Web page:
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Protecting escape routes

Smoke is different to fire says Conor Logan, Colt’s Technical Director, which is why a properly maintained smoke control system is vital to help protect people, businesses and buildings

Smoke control systems are designed to protect escape routes for occupants to evacuate safely and unimpeded by the effects of smoke; assist fire fighters entering the building to find and tackle the fire quickly; protect stock and machines and loss of production capacity; and reduce risk of explosions and roof collapse.

It is important to understand the distinction between smoke clearance and smoke control. Smoke clearance uses a notional amount of ventilation to assist the firefighting operations, allowing firefighters to clear smoke from the relevant building or part of the building, often after a fire has been extinguished. Therefore, smoke clearance offers a limited benefit during the actual event of a fire or the building evacuation and as a result, smoke clearance has a much more simplified design process.

Smoke control, on the other hand, is designed to help during the actual event of a fire. It is designed to remove and restrict the movement of smoke while the fire is still burning, thereby assisting occupants with a safe escape. It primarily does this by extending the amount of time that a building’s occupants have to safely evacuate, without being overcome by the effects of the smoke.

In order to do this effectively, it is usually necessary to estimate the amount of smoke that will be produced, and how much heat will be generated. Therefore, smoke control system design requires careful consideration and expert maintenance.


Natural extraction systems:

  • Have fail safe operation
  • Are self-compensating
  • Operate silently
  • Have no time or temperature limits
  • Are lightweight
  • Are sensitive to wind effects

Mechanical extraction systems:

  • Are not wind-pressure sensitive
  • Are suitable for ducting
  • Have a fixed extract volume
  • Require noise and weight considerations associated with them
  • Have a dedicated air inlet
  • Have a standby unit in case of fan failure

Natural ventilation has the benefit of not requiring any power or any other functionality to work, (apart from the vents being open) as the smoke just escapes under its own buoyancy. They also have the added benefit of being ‘self-compensating’, meaning the hotter the smoke gets, the more effective the ventilators work, due to the increase in smoke buoyance caused by the heat. Mechanical systems extract at one rate only, so regardless of the amount of smoke, it will be extracted at a steady pace. Mechanical systems are also designed to extract smoke at a certain temperature for a set amount of time, e.g. 300 degrees Celsius for one hour. With natural ventilation, these constraints do not apply.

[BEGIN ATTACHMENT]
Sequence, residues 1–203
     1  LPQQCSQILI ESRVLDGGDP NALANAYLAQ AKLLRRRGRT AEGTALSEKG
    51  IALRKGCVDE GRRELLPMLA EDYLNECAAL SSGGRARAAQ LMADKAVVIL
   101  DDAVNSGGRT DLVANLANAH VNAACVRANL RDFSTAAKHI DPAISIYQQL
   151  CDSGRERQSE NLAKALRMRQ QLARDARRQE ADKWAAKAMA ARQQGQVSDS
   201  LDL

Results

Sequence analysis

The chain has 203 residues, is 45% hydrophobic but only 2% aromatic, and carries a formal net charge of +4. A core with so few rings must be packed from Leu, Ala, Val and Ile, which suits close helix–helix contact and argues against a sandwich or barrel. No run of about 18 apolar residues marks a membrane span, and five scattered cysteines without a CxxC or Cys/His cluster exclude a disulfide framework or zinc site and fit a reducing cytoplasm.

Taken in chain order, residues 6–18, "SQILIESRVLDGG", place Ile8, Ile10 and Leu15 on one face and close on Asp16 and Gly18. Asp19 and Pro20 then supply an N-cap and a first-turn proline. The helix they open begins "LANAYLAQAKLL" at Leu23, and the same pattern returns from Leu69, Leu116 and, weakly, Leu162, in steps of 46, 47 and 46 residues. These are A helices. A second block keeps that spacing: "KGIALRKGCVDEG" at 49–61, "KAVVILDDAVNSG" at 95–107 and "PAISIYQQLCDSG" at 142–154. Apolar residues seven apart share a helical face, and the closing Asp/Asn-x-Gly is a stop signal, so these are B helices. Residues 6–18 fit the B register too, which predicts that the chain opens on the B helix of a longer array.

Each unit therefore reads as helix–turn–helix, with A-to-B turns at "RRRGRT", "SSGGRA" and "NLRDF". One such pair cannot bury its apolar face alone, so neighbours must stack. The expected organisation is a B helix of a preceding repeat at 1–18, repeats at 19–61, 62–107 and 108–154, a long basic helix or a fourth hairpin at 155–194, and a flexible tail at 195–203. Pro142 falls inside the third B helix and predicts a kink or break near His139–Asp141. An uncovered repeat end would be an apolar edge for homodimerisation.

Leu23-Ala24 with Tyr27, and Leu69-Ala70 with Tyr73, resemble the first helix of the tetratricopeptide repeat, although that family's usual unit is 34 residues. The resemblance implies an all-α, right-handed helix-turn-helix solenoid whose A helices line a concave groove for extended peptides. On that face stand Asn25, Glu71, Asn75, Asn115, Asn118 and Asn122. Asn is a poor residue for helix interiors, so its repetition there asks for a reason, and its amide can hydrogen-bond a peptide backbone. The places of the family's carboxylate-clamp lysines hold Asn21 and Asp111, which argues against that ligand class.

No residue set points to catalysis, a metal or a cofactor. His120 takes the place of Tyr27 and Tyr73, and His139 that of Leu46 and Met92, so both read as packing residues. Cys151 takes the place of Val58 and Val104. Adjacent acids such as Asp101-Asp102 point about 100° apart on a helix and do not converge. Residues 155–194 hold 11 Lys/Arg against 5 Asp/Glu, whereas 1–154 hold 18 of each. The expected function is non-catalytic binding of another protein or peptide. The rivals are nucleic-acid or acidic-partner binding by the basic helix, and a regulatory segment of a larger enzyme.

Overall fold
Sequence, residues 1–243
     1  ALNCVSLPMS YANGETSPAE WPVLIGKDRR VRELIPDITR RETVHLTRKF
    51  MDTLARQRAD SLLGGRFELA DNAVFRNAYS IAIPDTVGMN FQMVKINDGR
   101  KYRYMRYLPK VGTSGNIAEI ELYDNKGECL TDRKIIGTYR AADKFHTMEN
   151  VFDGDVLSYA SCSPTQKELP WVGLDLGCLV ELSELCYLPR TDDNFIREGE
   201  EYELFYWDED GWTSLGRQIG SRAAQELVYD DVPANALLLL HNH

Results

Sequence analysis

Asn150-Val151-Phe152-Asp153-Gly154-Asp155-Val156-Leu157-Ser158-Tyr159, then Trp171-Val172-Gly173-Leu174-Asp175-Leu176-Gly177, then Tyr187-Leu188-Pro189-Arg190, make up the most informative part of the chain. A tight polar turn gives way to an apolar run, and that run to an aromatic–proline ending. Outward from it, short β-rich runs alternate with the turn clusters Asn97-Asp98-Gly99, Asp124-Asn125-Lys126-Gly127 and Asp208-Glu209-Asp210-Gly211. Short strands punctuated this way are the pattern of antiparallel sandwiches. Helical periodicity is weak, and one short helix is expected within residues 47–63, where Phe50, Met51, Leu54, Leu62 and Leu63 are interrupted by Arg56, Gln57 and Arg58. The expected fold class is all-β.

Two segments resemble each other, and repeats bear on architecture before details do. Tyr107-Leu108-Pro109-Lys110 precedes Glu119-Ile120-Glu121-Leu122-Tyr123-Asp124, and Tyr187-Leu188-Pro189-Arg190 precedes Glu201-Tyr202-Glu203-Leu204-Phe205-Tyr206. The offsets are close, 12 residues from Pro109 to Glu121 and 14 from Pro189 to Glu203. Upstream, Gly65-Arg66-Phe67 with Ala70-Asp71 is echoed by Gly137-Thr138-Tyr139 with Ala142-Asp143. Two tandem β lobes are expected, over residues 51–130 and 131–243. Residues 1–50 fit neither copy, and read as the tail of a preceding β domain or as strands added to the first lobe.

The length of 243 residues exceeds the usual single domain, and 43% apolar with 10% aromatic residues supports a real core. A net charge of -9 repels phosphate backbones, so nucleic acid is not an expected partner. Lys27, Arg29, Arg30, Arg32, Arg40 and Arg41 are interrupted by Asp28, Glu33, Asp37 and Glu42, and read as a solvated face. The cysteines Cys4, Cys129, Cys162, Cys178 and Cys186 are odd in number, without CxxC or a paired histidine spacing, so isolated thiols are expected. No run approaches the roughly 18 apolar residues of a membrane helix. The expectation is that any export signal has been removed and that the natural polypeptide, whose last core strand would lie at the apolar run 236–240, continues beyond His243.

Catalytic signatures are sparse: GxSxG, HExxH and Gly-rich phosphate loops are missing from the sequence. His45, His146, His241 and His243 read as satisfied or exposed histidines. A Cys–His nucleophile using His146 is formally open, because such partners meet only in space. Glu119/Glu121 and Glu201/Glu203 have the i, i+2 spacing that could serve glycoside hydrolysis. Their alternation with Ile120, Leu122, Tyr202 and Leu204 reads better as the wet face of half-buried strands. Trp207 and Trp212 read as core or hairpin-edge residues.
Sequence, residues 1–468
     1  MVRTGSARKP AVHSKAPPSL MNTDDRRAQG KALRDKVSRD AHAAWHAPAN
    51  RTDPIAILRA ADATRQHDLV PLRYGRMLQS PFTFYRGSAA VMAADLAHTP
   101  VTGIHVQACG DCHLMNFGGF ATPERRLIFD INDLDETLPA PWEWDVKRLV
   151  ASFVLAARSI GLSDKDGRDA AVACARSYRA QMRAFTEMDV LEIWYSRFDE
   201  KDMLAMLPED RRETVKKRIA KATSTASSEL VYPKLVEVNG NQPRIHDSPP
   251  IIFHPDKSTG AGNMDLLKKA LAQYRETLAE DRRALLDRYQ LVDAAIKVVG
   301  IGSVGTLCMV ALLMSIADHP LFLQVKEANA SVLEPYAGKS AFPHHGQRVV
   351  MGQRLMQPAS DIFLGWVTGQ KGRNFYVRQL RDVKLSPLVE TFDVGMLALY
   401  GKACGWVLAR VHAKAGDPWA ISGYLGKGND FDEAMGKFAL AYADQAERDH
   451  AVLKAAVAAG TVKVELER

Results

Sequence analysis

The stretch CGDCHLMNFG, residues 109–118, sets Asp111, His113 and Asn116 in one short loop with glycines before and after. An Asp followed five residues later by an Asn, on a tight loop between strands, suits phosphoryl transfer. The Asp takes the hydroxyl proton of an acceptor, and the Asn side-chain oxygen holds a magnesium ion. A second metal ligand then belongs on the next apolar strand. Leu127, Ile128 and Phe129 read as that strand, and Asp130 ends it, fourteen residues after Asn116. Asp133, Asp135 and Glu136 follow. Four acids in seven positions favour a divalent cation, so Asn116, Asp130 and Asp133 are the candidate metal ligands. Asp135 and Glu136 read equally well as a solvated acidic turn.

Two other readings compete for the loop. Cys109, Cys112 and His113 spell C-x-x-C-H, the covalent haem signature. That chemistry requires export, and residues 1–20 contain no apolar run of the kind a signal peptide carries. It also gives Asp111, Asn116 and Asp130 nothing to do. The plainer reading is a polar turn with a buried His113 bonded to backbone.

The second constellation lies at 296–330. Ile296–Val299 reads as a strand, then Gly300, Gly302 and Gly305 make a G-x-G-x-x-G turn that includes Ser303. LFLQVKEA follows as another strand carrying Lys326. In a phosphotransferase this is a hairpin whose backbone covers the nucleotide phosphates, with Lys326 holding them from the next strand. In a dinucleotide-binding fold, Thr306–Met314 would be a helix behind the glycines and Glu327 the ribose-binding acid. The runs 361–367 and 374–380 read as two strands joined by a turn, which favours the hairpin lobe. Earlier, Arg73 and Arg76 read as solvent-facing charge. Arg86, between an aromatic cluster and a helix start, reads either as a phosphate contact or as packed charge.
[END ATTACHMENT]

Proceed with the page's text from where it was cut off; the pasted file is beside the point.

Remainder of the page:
Mechanical systems have the benefit of not being sensitive to wind effects, as natural ventilators are. Plus, mechanical ventilators can be ducted, which allows them to be used in multi-level buildings. It must be noted that because of the power-reliance that mechanical systems have, it is standard practice to provide fire-rated wiring for them, a standby power supply and a stand-by unit, in case of fan failure.

Common building types that need specialised smoke control systems designed and installed are:

  • Large single storey buildings, such as factories and warehouses
  • Shopping centres
  • Multi-storey buildings – residential and otherwise
  • Buildings with atria
  • Car parks where gas and fume extraction are required

As with many fire safety systems, the concepts of smoke clearance and smoke control are quite straightforward. However, as life-safety systems, they must be robust and comprehensive. The design and equipment must be specific to the building-type and the installation and maintenance of the equipment must also be carried out by a very competent team to ensure the systems work properly when required.


Smoke control systems are often looked after by fire security companies, who may sub-contract this to independent “AOV” or “smoke vent” operatives. But a maintenance provider who isn’t fully aware of the intricacies of maintaining smoke control systems may not know exactly what ‘warning signs’ to look out for or what tests to run to resolve them. All too often, a simple smoke test is deemed as enough evidence that a smoke control system is working properly for this very reason. However, if your service provider is not doing full motor resistance and load tests, then your system is not being tested to work at maximum duty, which is precisely when it does need to function properly. If they are not testing to the cause and effect, battery charge rates, etc., then you will not know if the system will function properly in the event of a fire.

About Sarah OBeirne

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